Elizabeth Jennings 1926–2001
(Full name Elizabeth Joan Jennings) British poet and essayist.
The following entry provides an overview of Jennings's career through 1998. For further information on her life and works, see CLC, Volumes 5 and 14.
Jennings is a highly regarded British poet whose lengthy career has been typified by the steady publication of critically acclaimed poetry on such subjects as religion, mental illness, and childhood. She is best known for her membership in “The Movement,” a group of poets and writers who achieved fame in the postwar period for their rejection of pretentiousness and decoration and their call for simplicity in literature. Jennings is known for her subtle, yet skillful, use of language and a strong interest in form that has sparked comparisons with Christina Rossetti, Edwin Muir and Robert Frost.
The daughter of a physician, Jennings was born in 1926 in Lincolnshire, England. She attended private Catholic school before transferring to and graduating from Oxford High School. As a teenager, she discovered a passion for classic poetry when she was introduced to G. K. Chesterton's poem “Lepanto.” She began to compose her own verse, exhibiting traits that would remain with her throughout her career: simple language, an interest in form, and the use of rhyme and meter. She graduated from St. Anne's College, Oxford, in 1949 earning an M.A. with honors in English. While at university, Jennings achieved success as a writer, publishing in Oxford Poetry in 1948 and 1949, as well as meeting and befriending writers such as Kingsley Amis, Philip Larkin, and Thom Gunn. Nine of these writers formed “The Movement.” Scholars have noted that Jennings differed from the rest of the writers as the only woman and devout Catholic. Nonetheless, Jennings writes that she felt a close compatability and common purpose among the members. After graduating, she worked for a short time in the advertising business, which she credits for tightening her writing. She served as a librarian at the Oxford City Library from 1950 to 1958 where she maintained close contact with Oxford students such as Donald Hall. In 1953, Fantasy Press published a small volume of her poems; it was the press's first poetry collection. She earned an Arts Council award for it, increasing her critical attention and approval. Jennings’s subsequent travels in Italy and her battle with mental illness, for which she was institutionalized several times in the 1960s, are prominent subjects in her poetry. During the last four decades she has published numerous collections of poetry, earned praise for her children's poetry and essays on poetics, and edited volumes of verse.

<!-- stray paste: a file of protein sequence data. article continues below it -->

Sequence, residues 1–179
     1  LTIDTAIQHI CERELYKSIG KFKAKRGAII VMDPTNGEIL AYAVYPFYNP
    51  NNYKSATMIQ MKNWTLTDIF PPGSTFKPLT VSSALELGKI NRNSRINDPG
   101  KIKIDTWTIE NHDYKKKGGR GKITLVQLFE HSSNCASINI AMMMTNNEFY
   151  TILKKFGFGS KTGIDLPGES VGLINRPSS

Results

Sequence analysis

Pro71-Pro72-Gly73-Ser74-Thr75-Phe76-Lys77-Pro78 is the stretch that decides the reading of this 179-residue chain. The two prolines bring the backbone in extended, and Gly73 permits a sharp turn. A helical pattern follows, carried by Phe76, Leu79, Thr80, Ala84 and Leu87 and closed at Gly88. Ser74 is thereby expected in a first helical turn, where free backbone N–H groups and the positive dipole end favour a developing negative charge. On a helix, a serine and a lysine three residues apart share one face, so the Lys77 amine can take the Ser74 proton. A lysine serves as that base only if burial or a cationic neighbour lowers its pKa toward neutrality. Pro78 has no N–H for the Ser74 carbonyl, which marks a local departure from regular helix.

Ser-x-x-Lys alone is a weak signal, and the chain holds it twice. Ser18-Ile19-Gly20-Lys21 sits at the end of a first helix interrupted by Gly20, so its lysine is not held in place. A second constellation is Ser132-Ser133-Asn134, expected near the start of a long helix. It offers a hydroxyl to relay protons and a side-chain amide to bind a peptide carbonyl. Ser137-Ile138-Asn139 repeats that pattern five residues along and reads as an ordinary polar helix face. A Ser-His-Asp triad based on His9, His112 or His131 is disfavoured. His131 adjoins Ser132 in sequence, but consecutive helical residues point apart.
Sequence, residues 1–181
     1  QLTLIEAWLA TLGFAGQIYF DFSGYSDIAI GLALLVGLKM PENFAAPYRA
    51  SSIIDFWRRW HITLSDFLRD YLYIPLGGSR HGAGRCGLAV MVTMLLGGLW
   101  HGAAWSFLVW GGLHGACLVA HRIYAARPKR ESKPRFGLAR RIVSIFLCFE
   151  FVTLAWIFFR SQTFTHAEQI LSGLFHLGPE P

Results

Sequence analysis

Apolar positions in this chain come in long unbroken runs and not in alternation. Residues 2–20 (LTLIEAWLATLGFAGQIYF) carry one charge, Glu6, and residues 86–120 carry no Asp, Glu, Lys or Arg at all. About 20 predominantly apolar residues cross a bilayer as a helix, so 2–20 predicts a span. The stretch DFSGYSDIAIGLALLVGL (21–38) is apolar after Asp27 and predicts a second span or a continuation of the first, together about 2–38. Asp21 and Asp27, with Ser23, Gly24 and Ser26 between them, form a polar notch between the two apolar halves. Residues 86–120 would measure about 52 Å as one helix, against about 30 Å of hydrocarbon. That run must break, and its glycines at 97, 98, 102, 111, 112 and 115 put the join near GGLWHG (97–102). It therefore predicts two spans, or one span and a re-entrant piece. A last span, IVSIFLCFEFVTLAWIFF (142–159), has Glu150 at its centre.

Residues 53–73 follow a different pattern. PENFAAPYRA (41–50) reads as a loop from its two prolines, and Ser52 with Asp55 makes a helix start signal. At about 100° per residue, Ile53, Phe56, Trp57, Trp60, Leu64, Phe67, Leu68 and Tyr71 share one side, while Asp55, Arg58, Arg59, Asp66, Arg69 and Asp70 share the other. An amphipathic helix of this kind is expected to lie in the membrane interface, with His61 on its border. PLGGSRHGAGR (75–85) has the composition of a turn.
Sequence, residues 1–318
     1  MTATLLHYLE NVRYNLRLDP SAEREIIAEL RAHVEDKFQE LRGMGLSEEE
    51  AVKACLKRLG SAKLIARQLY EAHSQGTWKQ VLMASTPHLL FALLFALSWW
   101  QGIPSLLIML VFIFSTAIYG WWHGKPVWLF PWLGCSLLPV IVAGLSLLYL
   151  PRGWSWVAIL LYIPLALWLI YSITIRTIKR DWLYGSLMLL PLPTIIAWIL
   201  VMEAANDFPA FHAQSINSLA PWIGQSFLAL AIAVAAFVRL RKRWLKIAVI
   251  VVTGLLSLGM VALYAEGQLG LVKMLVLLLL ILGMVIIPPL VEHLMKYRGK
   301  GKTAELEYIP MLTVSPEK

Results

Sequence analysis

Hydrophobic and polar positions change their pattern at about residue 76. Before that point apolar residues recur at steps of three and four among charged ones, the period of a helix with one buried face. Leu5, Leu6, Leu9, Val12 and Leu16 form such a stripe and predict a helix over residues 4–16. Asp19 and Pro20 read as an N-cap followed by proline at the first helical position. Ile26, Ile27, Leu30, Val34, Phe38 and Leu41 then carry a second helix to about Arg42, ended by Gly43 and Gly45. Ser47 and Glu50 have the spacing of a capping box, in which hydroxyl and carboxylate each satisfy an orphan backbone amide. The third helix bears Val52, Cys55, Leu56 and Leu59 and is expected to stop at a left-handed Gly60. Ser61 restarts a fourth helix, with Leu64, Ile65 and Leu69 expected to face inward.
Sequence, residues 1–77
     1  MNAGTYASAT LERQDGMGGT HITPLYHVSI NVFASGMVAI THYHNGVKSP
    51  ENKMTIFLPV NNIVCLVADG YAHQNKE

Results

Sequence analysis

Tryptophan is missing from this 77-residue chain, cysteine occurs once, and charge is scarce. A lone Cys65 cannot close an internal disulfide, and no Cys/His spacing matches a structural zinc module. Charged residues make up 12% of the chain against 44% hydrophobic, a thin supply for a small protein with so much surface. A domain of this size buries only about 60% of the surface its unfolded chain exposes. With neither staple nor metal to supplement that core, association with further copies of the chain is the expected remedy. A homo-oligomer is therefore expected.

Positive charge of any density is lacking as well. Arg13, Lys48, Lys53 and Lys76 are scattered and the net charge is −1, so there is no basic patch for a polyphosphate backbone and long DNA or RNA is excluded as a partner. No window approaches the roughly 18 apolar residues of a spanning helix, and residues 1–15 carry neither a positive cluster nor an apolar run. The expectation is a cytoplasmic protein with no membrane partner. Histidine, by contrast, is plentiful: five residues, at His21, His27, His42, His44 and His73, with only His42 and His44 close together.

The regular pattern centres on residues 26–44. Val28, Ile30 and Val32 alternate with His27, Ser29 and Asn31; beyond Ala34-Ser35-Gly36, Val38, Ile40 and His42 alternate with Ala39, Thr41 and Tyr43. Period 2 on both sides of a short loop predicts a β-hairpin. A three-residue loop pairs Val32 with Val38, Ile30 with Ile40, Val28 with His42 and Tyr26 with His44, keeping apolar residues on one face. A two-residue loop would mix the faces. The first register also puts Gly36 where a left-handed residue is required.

Critics note that there is a strong strain of continuity in Jennings's poetry, both in regard to form and subject matter. Jennings established her voice in her youth and has not deviated from it greatly throughout her career. In common with the other members of “The Movement,” Jennings writes simply and directly without academic pretense or heavy adornment. In her early writing she employed set forms, regular meter, rhyme, and preferred iambic pattern. However, as her career progresses, she primarily uses free verse and unrhymed poetry. Most of her poems are written in a few short stanzas; rarely does her poetry exceed one page. She favors startling line breaks, gaining impact by beginning a line with a strong verb. Throughout her career, Jennings has written about personal subjects, although she is not an autobiographical poet. Much of her work is about religion, particularly Catholicism, and her struggles with faith. In Recoveries: Poems (1964) and The Mind Has Mountains (1966), she considers her own mental illness and institutionalization. In addition, she composed several books of children's poetry, such as her well received collection Let's Have Some Poetry! (1960.)
From the beginning of her career at Oxford in the 1940s, Jennings has enjoyed critical approval. Looking for new and mature verse, Kingsley Amis included six of Jennings's poems in the 1949 edition of Oxford Poetry. In critiques of her early books, reviewers praise her lucid, simple language, citing her as a strong voice and a poet to watch. She received almost universal praise for her two collections of poetry Collected Poems (1967) and Selected Poems (1979), which provide an overview of her career. However, critics have found fault with Jennings too. Commenting on her collection In the Meantime (1996), Clive Wilmer remarks that “(s)he has been prolific without interruption, but the quality of her writing from book to book is strikingly uneven.” Other reviewers state that at times her poetry is too coy, her language wooden and uninspiring, that she fails to make connections, and that her work lacks energy. The most common criticism is that Jennings fails to vary her work enough, that her poetry is too similar. However, scholars agree that much of Jennings's poetry is first rate. Samuel French Morse praises her lack of pretension, the freshness of her language, and the high quality of her devotional poetry in Song for a Birth or a Death and Other Poems (1961). Robert Sheppard argues that she is the least well-known, but the best in quality, of “The Movement” writers.